In amongst the shops of Bethnal Green Road you’ll find the 160-year old, inconspicuous blue façade of what used to be a pub called The Albion. Since this summer, though, this the home of Coupette, the presence merely given away by a wholly unremarkable branded doormat. Blink and you’ll miss it.

Coupette describes itself as a ‘neighbourhood bar with a local aesthetic and French accent to everything’. The ‘everything’ being both the extensive drinks menu and the comparatively sparse food menu. The design of the cocktail menu by Chris Moore (formerly Head Bartender at Beaufort Bar at the Savoy Hotel) has focused largely on calvados, cidre and poire, all rotating regularly, allowing each cocktail to stay fresh with the seasons.

The décor on the other hand, would fit in a little further down the road in Shoreditch. Exposed brick work is joined by bare wooden table tops and blue leather sofas. While undeniably chic, the venue feels somewhat temporary. The music sounds as though played from one of the staff members’ mobile phones plugged into the speaker system and the space feels on the wrong side of sparse.

After some confusion about our reservation, which had only been confirmed earlier that day and was entirely unnecessary with only three of the venue’s tables taken when we walk-in, we take our seats and explore the menu. We’re told that its design is inspired by the ‘French Hexagon’; the six borders of France and that it tries to champion lesser-known ingredients. The first three cocktails that jump out include Moet & Chandon Brut and Bacardi Heritage, but I dig deeper. A fair few items on the menu require some quick Googling, but what really catches my eye are partly the light-hearted names (I’m partial to a well-named cocktail) and more importantly some interesting ingredient pairings.

TLE

We ease ourselves in with ‘Apples’ (£8) and ‘Truffled White Negroni’ (£9), both arriving on our table fairly swiftly and with an explanation of their ingredients. This month’s Apples (a long drink simply described on the menu as ‘Calvados of the month, apples of the month, carbonated’) is, we’re told, Discovery apples and Lecompte 5yr Calvados. It’s an easy drink, carbonated only very lightly, it doesn’t taste alcoholic, more like a fresh apple juice (unsurprisingly). Our waitress muses it’s one you could drink for the night and in theory, I agree. My problem is the three enormous Death Star balls of ice floating in my drink, the uppermost item currently causing slight frostbite to my top lip.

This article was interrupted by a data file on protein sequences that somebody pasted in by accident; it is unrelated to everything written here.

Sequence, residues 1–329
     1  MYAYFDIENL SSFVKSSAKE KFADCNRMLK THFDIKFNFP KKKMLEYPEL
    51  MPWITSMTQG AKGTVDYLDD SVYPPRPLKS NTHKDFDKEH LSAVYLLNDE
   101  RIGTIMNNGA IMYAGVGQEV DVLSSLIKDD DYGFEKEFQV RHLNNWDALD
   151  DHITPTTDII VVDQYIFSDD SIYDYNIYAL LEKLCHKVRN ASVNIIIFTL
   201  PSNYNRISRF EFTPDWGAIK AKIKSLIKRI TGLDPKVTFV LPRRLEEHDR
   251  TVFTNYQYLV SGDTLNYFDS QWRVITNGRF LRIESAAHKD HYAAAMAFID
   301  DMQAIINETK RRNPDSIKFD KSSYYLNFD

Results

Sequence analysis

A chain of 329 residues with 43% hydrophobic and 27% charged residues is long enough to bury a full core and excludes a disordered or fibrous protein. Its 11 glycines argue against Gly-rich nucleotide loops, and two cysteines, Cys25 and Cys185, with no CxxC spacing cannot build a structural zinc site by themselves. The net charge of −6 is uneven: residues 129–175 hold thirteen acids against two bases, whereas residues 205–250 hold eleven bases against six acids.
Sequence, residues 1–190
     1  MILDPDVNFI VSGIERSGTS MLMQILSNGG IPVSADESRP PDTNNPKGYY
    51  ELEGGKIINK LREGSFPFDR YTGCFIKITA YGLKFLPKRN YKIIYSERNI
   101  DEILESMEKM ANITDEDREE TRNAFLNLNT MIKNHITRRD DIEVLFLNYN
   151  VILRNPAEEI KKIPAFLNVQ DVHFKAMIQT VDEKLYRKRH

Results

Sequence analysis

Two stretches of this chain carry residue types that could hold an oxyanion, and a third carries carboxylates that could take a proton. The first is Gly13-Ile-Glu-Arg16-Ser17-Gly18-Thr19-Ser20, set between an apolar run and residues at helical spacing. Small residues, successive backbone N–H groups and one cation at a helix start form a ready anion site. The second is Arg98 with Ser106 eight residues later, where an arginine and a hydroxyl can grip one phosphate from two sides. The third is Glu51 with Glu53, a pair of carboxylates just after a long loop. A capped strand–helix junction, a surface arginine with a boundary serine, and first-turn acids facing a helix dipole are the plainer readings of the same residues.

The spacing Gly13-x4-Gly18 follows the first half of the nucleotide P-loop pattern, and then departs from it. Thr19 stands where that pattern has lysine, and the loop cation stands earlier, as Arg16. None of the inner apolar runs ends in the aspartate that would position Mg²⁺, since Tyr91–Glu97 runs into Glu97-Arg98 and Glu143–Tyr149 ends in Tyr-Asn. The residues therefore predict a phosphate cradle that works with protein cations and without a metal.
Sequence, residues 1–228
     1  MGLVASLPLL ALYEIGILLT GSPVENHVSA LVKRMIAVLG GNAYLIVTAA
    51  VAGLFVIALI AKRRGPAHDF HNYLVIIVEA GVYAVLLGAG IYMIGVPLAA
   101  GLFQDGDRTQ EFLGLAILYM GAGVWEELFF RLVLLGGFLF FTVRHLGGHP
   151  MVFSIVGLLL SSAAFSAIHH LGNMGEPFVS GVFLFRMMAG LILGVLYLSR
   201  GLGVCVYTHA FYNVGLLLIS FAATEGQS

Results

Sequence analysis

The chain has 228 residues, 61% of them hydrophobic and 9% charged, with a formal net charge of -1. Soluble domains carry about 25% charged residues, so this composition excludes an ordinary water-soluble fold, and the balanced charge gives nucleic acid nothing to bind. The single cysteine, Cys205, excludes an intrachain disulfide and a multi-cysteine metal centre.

The Truffled White Negroni (£9), on the other hand, comes with two large shards of ice that seem much less intrusive. Or, perhaps, the drink to ice ratio is better balanced. The drink itself: Star of Bombay, Lillet Blanc, Escubac and Seasonal Truffle – tastes refreshingly like orange, with a grown-up smokiness on the back of the palette. Ready for something a little more interesting, we order (with the help of our friendly waitress) a ‘Provence Paloma’ and ‘Straight Outta Bethnal’. Both are certainly interesting.

Provence Paloma (£9) is a tequila-based (Tapatio Blanco) long drink with pink grapefruit, rosé wine and Provencal herbs. It’s both sweet from the rosé and savory from the herbs; its layers are surprising with each sip. If ‘Apples’ is one to drink all night, this is one to have if you really want to pay attention to the drink’s individual taste notes. Straight Outta Bethnal (£9), on the other hand, is a rum-based (Trois Rivieres Ambre) short drink with Suze, lime, cane & molasses and rouge bitters. In appearance, it’s astonishingly like the Negroni, right down to the shards of ice Coupette serves with its short drinks. Though the taste is much more sophisticated. The sweetness of the golden rum and the molasses marry particularly well with the bitters.

While the atmosphere is quite sparse, the cocktails served at Coupette most definitely deliver. I wouldn’t be opposed to an evening sampling my way through the menu to see how even more flavours develop.

Coupette can be found at 423 Bethnal Green Road, London, E2 0AN.

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